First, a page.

I’ve held on to this picture all summer. It’s such a simple picture, and yet it is a perfect picture. Its subject is straight-forward–it’s a photo of a fence in the countryside. Yes, there are lots of fences. But look closely at this picture. The most noticeable feature is the upright stake, but it’s not just a pre-milled wooden stake. It’s a section of a tree still covered in bark. It also has a section that once was part of a limb and now appears to be almost a mouth sharing its thoughts with us on this cloudy summer day. The texture, the color of the bark, and then the color and texture around it in the grass and the wild flowers to the right and the cut and fallen grasses in front–all of these make it a photo you want to study for a long. I have certainly done just that.

This picture also made me want to re-read Robert Frost’s wonderful poem, The Mending Wall. I spent a whole morning reading and rereading that magificent poem and then reading some critical interpretations of it. I left refreshed and in still very much in awe of Frost’s brilliance. No wonder everyone remembers that poem or at least the famous lines it has given us. So this picture also gave me this–a little detour into rereading one of the great American poems that I hadn’t picked up in decades.

But Randy’s picture is not of a wall in need of repair or mending. It is a wall made of air, wire and wood. An entirely different type of barrier from a stone wall. The purpose is the same–it demarcates land ownership, and it keeps something out–or in. That is what got this poetic mind going.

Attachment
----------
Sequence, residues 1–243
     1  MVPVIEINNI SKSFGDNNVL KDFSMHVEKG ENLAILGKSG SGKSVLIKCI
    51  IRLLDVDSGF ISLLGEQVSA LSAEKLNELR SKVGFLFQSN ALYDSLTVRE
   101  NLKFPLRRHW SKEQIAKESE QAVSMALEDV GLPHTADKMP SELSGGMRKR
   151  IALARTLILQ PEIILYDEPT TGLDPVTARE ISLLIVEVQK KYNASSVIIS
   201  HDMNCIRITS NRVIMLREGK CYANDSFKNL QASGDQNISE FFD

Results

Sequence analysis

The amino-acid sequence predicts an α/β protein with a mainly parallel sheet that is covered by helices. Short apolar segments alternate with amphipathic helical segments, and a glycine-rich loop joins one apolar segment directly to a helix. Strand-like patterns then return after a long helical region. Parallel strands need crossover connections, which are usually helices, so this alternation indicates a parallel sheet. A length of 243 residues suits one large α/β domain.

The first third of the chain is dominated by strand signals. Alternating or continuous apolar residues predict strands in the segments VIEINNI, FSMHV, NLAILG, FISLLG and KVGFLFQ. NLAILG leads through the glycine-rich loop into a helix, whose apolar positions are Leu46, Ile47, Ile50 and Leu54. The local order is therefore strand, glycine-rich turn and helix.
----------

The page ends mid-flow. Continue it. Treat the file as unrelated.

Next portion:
What does a fence really do?

Here are my responses to the question of what a fence is or might be. I’ve looked at this picture so many times, and this single picture has inspired quite a few poems. These are very brief poems–sketches in verse, plus there is one poem about fences as a metaphor for our own need to be guarded at times.



the only real fence is in my head



on the fence—
am I in
or am I out?



Clichés abound
when it comes
to fences.


And here is a poem for all of us who guard our hearts so closely:

My Fence


What do they —or you—
know about my fence,
and how carefully
I chose to build it?

Can you guess
how long
it took to build it?

A lifetime of habit,
carefully constructed
and often hidden habits,

a life spent half in fear
of being judged
unkindly, unfairly,

with malice
in another heart.


: I would like to thank Randy Baker for allowing me to use this beautiful photograph that he took in the beautiful mountains of Virginia. It is a picture I would like to have framed and hanging near my writing desk. Randy, your pictures are always inspiring and bring a clarity to both the mind and heart. Thank you so much.


One Year of Blogging…Some Thoughts

Clock Room in the Musée d'Orsay, Paris, France

Clock Room in the Musée d’Orsay, Paris, France